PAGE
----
Frontline farm workers and veterinary-policy-makers are arguably in the best positions to influence prevention, detection, and preparedness-for-control of farm animal diseases. It is important that such individuals make biologically sound decisions concerning the daily management and regulation of the health of animals. Such decisions should be based on a good understanding of key principles of disease spread and control. This paper summarises these principles, as described in previous publications, into simple models. These models may be used to communicate concepts to readers who may not have time to study more complex models. These models illustrate the relationship between the development of new disease cases (from existing cases, i.e. the reproductive ratio R) and (i) the duration of the period during which existing cases are available as infectious, (ii) contact rates, (iii) transmission rates and (iv) susceptibility. Understanding these concepts through models has great utility, facilitating better decisions for disease prevention, detection and preparedness-for-control, before an outbreak becomes unmanageable. These basic concepts apply to all animal species, including humans.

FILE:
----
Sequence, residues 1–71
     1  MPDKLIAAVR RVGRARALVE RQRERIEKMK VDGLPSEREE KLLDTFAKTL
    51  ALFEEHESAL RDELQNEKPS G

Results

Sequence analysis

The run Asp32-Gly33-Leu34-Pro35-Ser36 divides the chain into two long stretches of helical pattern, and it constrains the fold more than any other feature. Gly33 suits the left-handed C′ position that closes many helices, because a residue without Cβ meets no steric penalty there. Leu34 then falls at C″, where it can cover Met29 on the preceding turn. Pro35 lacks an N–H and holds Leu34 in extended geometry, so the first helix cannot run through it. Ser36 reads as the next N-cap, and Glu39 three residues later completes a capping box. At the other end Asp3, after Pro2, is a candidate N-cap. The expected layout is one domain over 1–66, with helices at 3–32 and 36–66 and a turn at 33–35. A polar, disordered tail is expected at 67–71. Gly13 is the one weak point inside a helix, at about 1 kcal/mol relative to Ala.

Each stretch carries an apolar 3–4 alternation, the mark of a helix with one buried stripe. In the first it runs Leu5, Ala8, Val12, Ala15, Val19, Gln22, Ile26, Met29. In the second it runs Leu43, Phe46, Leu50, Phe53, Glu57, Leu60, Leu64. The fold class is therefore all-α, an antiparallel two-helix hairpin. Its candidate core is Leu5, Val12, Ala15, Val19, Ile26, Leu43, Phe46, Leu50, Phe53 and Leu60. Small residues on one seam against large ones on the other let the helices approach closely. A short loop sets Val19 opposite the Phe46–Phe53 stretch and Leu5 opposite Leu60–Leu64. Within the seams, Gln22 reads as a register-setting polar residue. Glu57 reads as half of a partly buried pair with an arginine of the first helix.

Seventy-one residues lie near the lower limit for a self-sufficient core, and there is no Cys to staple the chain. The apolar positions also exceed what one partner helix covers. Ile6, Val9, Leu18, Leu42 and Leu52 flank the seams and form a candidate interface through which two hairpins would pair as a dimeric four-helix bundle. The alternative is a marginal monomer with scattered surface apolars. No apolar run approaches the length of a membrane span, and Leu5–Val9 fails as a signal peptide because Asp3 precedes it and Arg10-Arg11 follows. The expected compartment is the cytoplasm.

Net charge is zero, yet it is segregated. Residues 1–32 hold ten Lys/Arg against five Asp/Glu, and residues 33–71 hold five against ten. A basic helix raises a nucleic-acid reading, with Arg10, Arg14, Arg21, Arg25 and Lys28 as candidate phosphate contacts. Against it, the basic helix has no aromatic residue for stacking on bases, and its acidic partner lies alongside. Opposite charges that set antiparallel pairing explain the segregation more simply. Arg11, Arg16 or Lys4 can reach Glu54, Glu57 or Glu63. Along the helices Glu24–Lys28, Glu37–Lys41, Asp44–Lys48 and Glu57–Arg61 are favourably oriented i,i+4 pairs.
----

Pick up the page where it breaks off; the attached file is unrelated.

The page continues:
Communications – Control – Detection – Disease prevention – Disease spread and control model – Preparedness – Reproductive ratio – Stakeholder understanding.